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UIC News Tips
University of Illinois at Chicago Office of Public Affairs (MC 288)
601 S. Morgan St., Chicago, IL 60607-7113, (312) 996-3456, www.uic.edu/depts/paff

November 8, 2000 Contact: Jeffron Boynes, (312) 413-8702, jboynes@uic.edu


Six months ago, a group of French business leaders visited the University of Illinois at Chicago to learn how to extend their share of the dot.com universe. Six months later - amid a growing global Internet market - UIC is taking its e-business program on the road to the port city of Le Havre, France.

A team of UIC professors and guest instructors has been assembled to deliver a three-day, international version of the domestic E-Business E-Commerce Certificate Program to marketing and e-business students and executives at the Normandy Business School, Nov. 12-15.

"Programs like this show the international reputation that UIC and the College of Business Administration have earned," said Wim Wiewel, dean of the College of Business Administration, which houses the program. "Along with our MBA program [considered one of the top three Western MBAs in China according to the Chinese government], we can offer one of the leading e-business programs in the world."

With its growing reputation and line-up of seasoned lecturers, UIC's International E-Business E-Commerce program brings together aspiring online marketers from overseas and key Internet experts from the United States to accelerate the evolution of e-business abroad.

Rod Shrader, assistant professor of management and managerial studies, believes participants in the international program will receive training that is more up-to-date because the United States is ahead of other countries on the learning curve when it comes to e-business. "We're beginning to see what works and what doesn't work, so business people from other countries can learn from our mistakes and not have to reinvent the wheel," Shrader said.

As more countries flock to the Internet for commerce, Shrader added, it's reasonable that France would want to position itself to reap the value of accelerated growth, "but they must overcome obstacles like online communication system weaknesses to realize their full economic potential," he said.

Wes Helms, lecturer and IBM e-business consultant, said one of the key goals for the trip is the "cross-pollination of ideas and knowledge" between UIC faculty and the educators and business people of Le Havre. "In France, the e-business environment is in a much different context than in the United States. I think that if we can learn more about the impact of these differences, we can apply that knowledge to our local e-business challenges and opportunities," Helms said.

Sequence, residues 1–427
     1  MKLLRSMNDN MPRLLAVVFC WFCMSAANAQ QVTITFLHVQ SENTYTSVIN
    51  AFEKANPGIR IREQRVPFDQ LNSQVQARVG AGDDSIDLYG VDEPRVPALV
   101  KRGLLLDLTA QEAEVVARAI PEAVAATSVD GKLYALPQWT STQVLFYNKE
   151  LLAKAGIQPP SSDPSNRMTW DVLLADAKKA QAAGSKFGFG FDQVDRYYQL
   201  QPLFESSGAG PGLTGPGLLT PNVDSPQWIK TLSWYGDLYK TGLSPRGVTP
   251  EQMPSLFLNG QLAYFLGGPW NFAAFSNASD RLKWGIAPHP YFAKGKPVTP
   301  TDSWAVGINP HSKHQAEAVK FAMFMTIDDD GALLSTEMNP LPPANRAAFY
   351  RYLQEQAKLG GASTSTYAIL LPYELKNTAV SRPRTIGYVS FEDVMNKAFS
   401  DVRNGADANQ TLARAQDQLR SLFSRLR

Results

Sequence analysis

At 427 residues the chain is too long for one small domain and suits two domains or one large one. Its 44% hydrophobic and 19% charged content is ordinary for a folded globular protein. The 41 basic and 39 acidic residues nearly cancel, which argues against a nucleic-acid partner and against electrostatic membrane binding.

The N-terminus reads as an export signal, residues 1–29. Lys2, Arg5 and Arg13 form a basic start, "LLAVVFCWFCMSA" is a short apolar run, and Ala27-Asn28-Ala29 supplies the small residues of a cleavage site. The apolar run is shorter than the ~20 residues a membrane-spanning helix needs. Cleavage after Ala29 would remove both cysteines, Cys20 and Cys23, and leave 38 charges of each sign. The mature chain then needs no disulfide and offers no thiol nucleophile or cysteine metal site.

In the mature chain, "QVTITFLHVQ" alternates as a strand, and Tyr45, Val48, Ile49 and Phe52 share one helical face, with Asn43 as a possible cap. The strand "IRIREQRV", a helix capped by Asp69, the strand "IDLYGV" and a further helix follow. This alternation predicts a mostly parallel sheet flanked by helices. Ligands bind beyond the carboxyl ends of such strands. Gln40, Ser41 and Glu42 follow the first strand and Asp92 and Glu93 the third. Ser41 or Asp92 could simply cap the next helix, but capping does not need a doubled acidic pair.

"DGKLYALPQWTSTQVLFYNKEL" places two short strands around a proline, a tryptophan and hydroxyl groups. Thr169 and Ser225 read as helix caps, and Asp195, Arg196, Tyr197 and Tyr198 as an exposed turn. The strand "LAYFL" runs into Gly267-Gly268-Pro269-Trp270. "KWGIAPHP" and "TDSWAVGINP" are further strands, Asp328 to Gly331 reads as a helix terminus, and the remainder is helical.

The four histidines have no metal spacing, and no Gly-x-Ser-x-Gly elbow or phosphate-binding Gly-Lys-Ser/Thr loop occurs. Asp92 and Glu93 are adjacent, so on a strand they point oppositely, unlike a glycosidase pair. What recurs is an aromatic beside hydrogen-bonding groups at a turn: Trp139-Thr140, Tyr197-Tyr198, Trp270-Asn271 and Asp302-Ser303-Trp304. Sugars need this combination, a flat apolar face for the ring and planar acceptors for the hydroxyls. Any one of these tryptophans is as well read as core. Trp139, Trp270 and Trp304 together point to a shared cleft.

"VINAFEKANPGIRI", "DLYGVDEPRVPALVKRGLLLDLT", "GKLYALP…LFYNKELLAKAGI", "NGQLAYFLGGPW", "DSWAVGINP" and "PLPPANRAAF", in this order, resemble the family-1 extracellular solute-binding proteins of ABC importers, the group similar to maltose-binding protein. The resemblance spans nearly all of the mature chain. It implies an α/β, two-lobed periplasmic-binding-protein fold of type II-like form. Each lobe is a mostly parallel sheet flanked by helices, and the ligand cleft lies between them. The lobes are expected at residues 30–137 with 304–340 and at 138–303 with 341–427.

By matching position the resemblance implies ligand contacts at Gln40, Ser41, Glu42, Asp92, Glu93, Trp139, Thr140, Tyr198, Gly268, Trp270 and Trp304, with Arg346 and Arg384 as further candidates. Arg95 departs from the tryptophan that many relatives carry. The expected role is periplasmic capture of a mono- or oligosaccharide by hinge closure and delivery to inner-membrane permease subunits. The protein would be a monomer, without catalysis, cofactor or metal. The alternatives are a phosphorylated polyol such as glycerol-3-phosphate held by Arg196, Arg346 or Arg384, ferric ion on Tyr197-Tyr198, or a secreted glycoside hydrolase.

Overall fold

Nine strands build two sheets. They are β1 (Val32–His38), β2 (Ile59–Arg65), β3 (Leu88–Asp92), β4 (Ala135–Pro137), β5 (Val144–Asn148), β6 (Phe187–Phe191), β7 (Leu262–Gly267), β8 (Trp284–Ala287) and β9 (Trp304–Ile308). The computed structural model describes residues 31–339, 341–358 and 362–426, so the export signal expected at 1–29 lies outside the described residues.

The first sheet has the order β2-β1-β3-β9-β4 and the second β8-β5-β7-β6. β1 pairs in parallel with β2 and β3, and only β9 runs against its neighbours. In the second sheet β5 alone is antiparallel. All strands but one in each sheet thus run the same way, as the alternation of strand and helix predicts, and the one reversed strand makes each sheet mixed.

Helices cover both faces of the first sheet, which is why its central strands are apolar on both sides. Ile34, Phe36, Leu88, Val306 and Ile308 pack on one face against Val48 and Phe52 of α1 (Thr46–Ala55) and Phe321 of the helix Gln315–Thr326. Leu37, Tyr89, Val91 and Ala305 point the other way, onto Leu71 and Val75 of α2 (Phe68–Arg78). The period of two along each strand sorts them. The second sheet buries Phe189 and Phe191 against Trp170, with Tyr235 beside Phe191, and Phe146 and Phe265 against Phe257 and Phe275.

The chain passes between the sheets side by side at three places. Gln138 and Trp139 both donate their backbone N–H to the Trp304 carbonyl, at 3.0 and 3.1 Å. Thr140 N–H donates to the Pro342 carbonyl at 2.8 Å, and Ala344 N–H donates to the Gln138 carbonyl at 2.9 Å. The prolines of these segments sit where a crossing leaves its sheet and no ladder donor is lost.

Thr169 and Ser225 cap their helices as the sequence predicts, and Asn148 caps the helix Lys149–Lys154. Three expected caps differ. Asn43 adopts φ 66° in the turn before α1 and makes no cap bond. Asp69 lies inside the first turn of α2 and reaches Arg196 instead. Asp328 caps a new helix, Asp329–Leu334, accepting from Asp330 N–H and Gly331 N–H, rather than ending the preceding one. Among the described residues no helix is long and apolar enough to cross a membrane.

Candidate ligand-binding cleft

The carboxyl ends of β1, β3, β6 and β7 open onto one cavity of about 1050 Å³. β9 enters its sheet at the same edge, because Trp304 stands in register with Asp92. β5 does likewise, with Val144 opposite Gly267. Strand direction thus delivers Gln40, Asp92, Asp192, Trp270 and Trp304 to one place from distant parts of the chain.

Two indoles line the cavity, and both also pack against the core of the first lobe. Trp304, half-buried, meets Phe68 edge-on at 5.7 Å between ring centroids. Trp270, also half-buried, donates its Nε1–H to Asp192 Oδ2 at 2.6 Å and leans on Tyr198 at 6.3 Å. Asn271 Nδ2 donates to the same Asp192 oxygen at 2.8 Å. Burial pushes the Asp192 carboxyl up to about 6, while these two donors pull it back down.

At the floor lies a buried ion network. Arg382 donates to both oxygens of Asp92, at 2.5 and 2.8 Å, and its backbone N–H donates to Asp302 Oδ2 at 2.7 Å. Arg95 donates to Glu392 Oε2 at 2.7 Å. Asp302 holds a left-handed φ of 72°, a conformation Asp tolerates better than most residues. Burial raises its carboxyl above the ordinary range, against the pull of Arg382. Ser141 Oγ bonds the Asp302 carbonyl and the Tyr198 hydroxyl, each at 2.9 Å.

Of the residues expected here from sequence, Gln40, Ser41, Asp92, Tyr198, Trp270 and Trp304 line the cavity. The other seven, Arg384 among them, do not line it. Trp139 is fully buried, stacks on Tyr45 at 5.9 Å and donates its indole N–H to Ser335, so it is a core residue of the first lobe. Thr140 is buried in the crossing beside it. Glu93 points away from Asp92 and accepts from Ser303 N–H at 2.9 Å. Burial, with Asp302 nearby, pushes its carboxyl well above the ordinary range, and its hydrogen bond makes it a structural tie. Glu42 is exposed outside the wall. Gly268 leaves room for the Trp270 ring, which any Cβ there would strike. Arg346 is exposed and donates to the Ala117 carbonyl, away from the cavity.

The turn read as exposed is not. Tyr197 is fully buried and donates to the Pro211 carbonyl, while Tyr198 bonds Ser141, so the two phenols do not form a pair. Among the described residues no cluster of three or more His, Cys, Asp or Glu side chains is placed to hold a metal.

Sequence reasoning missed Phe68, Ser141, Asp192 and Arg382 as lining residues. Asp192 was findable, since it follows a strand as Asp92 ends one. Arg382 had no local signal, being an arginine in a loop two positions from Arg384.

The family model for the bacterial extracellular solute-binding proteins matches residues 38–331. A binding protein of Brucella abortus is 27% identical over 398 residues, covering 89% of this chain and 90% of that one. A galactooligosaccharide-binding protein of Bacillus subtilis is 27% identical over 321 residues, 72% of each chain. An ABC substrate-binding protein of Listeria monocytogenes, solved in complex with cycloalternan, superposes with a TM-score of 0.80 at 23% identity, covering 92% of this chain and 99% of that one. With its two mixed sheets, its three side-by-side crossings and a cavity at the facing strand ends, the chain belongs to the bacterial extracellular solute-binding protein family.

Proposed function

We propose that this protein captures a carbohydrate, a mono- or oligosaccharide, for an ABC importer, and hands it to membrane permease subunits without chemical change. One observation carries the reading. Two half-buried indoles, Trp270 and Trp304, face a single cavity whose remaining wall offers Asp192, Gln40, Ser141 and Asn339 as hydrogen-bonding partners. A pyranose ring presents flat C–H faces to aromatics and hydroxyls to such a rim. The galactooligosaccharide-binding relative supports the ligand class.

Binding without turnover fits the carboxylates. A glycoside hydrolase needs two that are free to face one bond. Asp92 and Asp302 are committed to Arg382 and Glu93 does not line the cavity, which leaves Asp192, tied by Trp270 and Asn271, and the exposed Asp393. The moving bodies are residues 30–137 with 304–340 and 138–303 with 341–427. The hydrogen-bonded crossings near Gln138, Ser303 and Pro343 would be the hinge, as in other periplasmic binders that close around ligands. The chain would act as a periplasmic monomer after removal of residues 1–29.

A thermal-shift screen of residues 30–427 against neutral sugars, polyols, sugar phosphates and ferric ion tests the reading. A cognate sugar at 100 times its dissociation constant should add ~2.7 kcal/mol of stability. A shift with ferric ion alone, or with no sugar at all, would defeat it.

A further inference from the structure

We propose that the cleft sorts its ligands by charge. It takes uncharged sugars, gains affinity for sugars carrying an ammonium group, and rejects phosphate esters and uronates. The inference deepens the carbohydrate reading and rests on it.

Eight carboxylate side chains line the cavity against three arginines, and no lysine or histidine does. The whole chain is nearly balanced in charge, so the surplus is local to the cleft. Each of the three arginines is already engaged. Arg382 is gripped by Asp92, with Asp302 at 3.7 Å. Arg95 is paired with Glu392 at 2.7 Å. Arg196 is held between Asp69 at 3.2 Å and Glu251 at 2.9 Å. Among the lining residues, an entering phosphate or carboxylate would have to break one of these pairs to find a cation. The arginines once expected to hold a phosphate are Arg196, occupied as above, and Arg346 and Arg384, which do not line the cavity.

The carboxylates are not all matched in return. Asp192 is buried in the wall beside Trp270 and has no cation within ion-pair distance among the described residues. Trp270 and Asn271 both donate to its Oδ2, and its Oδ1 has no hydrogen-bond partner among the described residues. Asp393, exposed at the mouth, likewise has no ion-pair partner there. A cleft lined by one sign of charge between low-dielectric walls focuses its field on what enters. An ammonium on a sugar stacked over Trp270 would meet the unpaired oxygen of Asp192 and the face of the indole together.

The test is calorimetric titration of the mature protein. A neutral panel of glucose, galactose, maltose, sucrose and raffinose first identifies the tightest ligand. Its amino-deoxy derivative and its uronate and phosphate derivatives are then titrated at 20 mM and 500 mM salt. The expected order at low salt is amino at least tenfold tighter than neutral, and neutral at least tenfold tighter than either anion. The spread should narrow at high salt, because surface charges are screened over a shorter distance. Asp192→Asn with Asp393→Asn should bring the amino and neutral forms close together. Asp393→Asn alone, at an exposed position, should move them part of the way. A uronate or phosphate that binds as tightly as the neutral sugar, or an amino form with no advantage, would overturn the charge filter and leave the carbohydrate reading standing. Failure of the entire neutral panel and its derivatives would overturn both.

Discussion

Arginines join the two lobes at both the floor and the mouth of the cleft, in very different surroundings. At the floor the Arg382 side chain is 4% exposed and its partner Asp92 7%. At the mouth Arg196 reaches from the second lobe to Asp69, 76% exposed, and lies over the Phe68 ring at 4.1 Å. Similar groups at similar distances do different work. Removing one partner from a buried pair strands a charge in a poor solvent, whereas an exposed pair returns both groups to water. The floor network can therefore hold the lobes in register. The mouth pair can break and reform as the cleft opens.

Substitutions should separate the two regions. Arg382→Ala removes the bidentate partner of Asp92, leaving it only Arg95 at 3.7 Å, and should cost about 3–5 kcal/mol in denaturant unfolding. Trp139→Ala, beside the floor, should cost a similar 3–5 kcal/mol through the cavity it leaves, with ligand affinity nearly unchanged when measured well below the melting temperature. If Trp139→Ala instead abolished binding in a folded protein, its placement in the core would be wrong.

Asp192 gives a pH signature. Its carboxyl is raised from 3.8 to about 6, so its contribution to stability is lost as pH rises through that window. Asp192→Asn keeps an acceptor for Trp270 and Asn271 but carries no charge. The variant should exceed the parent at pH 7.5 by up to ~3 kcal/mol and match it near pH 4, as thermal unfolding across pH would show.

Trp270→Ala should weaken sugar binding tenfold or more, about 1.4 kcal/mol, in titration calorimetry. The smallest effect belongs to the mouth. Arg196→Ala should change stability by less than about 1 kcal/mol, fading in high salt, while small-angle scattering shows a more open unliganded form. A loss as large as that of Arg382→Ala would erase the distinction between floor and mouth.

Expected to travel to Le Havre with Helms are Cindy Atchley, director of professional development programs; Tom Lumpkin, assistant professor of managerial studies; and Joel Warady, lecturer and president and CEO, OralCare.com - a Chicago-based Internet start-up.

"We're looking forward to providing information to both students and executives concerning the financing opportunities available as companies look to implement an e-business strategy. We'll also offer an overview regarding the future of the Internet, and where technology will be taking us over the next five years," Warady said.

Program topics for the International E-Business E-Commerce program will include: E-entre-preneurship, Behind the "E", E-commerce Overview, and Financial Aspects of E-Business. For more information on UIC certificate programs, visit www.uic.edu/cba/pdp or contact Cindy Atchley at (312) 413-2404, catchley@uic.edu; or Jeffron Boynés at (312) 413-8702; jboynes@uic.edu.

Since its launch last year, UIC's E-Business E-Commerce Certificate Program has been in the spotlight. Intended to address the growing demand of those who want to excel in the dot.com economy, the program has attracted more than 250 business professionals to date.

New areas added to the program this fall include: business intelligence, customer relationship management, strategic relationships and intrapreneurship. These were added to the existing areas of Internet overview, financing issues, entrepreneurship, marketing, and privacy, security and legal issues.

- UIC -

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